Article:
George Washington bons mots

  • Adhere to your purpose and you will soon feel as well as you ever did. On the contrary, if you falter, and give up, you will lose the power of keeping any resolution, and will regret it all your life.
  • Labor to keep alive in your breast that little spark of celestial fire, called conscience.
  • It is better to offer no excuse than a bad one.
  • I walk slowly, but I never walk backward.
  • Be courteous to all, but intimate with few, and let those few be well tried before you give them your confidence.
  • It is far better to be alone, than to be in bad company.
  • Leave nothing for tomorrow which can be done today.
  • Knowledge is in every country the surest basis of public happiness.
  • Truth will ultimately prevail where there is pains to bring it to light.
  • Happiness and moral duty are inseparably connected.
  • Associate with men of good quality if you esteem your own reputation.
  • Liberty, when it begins to take root, is a plant of rapid growth.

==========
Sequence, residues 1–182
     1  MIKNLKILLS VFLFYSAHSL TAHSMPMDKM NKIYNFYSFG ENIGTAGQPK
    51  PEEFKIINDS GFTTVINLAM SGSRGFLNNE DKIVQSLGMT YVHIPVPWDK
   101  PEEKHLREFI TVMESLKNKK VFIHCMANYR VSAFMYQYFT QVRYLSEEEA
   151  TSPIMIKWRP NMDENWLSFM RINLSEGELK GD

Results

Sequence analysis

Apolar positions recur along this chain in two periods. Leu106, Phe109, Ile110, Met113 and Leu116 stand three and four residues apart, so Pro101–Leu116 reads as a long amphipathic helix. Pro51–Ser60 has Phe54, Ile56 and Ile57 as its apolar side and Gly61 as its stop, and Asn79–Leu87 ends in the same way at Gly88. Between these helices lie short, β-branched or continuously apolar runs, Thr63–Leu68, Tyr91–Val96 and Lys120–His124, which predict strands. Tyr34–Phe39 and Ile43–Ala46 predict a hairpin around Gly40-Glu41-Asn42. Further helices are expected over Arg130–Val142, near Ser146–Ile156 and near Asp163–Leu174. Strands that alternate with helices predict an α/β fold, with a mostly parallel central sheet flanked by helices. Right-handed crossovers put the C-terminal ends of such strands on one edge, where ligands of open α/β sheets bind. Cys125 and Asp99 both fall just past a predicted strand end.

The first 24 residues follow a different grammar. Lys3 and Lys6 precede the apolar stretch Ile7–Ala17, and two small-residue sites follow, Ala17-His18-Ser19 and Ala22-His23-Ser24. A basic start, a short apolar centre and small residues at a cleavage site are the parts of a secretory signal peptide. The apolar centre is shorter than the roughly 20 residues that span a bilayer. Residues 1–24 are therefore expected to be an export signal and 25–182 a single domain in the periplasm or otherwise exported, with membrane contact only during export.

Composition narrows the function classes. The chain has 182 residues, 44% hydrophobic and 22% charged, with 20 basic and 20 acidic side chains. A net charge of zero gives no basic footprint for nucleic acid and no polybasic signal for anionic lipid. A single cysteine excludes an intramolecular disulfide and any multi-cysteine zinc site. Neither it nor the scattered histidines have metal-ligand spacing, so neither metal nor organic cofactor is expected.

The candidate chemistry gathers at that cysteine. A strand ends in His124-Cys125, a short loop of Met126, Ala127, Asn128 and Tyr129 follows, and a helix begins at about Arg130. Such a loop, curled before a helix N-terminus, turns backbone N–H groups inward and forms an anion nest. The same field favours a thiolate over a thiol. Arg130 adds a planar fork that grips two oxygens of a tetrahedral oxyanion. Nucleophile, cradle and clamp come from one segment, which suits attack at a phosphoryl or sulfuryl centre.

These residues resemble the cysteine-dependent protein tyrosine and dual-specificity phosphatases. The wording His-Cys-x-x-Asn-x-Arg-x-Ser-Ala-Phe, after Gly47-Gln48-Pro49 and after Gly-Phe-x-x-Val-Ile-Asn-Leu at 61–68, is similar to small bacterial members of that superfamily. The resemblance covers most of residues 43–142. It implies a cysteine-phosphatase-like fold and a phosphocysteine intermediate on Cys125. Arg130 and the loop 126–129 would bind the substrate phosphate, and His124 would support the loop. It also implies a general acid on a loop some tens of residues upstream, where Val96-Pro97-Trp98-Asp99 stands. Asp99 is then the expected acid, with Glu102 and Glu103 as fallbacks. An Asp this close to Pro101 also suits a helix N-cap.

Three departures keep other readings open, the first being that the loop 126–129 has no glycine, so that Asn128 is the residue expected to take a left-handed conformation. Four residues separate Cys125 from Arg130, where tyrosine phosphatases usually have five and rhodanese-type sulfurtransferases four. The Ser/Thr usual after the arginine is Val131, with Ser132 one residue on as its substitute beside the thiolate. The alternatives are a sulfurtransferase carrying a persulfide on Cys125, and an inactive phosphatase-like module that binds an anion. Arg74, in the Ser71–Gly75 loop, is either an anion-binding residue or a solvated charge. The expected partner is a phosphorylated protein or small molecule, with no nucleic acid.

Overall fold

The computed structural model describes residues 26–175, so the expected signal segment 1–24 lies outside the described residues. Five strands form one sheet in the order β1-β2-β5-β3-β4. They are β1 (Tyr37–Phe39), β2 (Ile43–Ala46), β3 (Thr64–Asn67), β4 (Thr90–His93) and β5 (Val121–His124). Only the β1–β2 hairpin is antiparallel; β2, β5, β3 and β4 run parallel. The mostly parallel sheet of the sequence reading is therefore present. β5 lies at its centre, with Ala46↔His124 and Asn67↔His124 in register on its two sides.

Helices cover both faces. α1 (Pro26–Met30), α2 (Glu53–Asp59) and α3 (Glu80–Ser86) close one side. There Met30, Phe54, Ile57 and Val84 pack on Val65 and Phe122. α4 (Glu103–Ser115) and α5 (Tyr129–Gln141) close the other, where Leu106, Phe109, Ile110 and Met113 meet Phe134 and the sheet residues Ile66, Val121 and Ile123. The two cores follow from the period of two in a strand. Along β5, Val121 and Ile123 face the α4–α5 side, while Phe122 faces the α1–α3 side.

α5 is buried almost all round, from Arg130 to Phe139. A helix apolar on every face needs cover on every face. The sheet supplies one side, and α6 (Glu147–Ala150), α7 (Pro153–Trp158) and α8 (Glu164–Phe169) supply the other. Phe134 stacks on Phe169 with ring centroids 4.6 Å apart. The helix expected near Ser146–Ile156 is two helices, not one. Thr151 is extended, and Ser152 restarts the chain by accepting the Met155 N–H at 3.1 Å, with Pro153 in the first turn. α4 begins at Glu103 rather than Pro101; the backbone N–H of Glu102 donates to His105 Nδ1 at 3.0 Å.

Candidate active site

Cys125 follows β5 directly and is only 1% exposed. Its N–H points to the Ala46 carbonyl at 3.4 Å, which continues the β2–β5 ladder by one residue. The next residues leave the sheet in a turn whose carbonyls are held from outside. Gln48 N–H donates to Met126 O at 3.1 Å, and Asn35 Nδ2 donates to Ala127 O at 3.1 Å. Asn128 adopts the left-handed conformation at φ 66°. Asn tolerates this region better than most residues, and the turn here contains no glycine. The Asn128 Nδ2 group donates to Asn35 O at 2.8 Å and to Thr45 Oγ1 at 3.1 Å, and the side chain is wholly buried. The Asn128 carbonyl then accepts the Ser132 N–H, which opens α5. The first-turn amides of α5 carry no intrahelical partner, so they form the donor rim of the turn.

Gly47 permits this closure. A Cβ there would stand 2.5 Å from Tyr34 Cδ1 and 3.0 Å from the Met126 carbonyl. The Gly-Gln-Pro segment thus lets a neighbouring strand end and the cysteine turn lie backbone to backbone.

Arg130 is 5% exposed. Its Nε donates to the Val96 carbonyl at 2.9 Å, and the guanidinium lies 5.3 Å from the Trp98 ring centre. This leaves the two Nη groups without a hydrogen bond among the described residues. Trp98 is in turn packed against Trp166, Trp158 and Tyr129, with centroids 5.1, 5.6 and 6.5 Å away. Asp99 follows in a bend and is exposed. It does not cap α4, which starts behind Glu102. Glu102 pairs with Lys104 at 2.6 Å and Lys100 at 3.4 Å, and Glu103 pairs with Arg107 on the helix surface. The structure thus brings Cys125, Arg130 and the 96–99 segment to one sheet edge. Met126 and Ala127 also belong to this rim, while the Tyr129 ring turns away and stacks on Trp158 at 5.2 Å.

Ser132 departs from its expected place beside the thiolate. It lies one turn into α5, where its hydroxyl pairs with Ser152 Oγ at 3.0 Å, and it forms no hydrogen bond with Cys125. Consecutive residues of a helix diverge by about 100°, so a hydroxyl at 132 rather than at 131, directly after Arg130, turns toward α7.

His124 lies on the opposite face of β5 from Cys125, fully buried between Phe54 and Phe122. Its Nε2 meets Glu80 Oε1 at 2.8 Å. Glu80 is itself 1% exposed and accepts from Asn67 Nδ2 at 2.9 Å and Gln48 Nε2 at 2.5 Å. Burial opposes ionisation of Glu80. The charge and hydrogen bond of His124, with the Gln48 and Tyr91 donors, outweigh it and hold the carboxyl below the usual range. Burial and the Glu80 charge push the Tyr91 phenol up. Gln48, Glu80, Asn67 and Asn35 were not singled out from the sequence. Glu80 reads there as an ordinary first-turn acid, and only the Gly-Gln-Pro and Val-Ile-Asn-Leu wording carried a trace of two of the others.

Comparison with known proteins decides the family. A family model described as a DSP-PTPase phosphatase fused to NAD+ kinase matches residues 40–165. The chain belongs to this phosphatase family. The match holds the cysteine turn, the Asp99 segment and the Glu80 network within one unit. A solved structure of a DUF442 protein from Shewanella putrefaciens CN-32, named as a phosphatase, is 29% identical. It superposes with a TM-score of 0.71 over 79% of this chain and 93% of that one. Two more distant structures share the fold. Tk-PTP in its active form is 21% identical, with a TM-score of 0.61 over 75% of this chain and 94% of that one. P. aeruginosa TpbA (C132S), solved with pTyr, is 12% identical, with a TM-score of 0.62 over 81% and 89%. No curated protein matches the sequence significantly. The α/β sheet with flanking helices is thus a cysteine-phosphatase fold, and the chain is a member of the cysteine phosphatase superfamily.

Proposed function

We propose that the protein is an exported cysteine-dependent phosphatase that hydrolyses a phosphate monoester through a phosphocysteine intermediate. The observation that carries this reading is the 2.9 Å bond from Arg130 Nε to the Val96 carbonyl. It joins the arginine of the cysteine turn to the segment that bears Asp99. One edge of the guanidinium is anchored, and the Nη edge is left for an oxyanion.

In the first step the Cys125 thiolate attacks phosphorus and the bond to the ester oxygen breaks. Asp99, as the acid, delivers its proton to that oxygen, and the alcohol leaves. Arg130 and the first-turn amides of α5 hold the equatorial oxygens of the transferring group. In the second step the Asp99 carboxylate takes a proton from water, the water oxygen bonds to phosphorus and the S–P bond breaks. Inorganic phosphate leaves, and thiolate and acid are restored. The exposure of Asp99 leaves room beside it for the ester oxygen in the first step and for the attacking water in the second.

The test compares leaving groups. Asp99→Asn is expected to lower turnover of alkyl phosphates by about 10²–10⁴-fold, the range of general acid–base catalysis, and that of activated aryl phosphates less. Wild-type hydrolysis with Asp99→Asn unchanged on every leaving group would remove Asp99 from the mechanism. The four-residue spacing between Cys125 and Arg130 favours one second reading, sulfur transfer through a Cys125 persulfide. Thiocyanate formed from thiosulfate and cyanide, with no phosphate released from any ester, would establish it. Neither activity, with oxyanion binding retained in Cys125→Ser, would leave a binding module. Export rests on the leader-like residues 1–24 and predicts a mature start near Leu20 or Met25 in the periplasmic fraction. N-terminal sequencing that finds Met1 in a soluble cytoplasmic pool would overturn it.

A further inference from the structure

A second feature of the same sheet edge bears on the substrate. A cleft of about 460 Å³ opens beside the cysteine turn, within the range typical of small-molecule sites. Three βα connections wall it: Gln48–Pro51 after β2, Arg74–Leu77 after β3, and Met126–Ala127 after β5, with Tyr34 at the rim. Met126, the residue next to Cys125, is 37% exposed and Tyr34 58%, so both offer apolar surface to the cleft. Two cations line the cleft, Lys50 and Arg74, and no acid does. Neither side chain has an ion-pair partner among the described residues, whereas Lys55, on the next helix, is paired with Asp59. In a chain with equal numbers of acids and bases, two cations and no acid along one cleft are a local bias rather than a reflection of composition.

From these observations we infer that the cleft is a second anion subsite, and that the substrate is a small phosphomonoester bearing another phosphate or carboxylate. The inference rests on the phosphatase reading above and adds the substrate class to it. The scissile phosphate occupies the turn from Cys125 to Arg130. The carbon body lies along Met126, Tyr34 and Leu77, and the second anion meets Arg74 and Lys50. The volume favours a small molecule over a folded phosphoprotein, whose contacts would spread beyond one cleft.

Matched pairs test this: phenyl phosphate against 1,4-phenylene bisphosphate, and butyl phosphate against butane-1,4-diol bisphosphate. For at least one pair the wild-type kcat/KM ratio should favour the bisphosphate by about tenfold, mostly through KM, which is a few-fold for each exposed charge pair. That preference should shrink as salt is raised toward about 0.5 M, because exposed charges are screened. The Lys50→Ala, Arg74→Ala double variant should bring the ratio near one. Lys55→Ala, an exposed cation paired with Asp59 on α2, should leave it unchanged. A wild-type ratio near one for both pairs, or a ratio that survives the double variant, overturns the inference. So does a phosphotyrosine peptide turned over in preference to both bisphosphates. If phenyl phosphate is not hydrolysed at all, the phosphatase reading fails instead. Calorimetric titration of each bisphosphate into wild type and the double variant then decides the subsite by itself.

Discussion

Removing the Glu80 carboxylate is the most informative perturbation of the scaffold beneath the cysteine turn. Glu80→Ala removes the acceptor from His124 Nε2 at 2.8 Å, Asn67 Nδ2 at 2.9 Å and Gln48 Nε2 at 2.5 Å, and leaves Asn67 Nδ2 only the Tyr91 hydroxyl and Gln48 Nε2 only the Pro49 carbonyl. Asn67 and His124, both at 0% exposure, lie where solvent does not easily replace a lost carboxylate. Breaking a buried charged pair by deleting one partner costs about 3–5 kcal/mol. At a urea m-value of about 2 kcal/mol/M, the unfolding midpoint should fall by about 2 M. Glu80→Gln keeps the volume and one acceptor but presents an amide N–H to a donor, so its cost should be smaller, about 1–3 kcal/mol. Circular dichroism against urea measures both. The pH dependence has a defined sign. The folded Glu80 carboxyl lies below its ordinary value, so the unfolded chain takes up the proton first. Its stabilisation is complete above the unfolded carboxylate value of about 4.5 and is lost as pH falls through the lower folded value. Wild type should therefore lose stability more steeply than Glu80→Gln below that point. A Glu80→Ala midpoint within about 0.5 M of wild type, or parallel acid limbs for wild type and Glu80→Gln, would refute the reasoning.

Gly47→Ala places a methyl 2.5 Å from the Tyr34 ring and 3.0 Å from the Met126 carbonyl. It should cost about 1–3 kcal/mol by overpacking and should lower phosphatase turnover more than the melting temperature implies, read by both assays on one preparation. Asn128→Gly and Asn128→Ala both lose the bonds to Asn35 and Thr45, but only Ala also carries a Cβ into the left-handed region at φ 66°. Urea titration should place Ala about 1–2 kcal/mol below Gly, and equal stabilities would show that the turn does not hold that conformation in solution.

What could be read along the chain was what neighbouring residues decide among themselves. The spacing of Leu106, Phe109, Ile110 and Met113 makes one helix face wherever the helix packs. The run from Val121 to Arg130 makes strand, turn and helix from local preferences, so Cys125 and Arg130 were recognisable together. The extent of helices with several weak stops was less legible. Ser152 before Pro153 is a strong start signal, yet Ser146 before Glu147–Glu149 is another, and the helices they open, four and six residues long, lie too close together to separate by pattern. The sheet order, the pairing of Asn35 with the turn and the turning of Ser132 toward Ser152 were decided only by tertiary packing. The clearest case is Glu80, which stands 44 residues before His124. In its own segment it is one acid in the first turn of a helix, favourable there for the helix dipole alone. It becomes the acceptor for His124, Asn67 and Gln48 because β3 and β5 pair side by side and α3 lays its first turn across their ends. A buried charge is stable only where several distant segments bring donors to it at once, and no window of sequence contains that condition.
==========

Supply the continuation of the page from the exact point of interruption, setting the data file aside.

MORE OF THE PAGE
• Let your Discourse with Men of Business be Short and Comprehensive.
  • To contract new debts is not the way to pay old ones.
  • We should not look back unless it is to derive useful lessons from past errors, and for the purpose of profiting by dearly bought experience.
  • Nothing can be more hurtful to the service, than the neglect of discipline; for that discipline, more than numbers, gives one army the superiority over another.
  • The marvel of all history is the patience with which men and women submit to burdens unnecessarily laid upon them by their governments.
  • Worry is the interest paid by those who borrow trouble.
  • There is nothing which can better deserve your patronage, than the promotion of science and literature.
  • I was summoned by my country, whose voice I can never hear but with veneration and love.

Chris George is an Ottawa-based government affairs advisor and wordsmith, president of CG&A COMMUNICATIONS. Contact: ChrisG.George@gmail.com

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